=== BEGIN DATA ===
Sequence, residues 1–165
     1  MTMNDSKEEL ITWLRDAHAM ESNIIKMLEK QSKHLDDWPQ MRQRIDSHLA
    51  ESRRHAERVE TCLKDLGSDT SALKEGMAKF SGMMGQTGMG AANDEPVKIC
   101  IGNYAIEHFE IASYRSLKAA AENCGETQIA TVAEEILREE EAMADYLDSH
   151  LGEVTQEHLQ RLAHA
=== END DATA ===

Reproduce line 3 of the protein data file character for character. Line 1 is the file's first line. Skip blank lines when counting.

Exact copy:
    51  ESRRHAERVE TCLKDLGSDT SALKEGMAKF SGMMGQTGMG AANDEPVKIC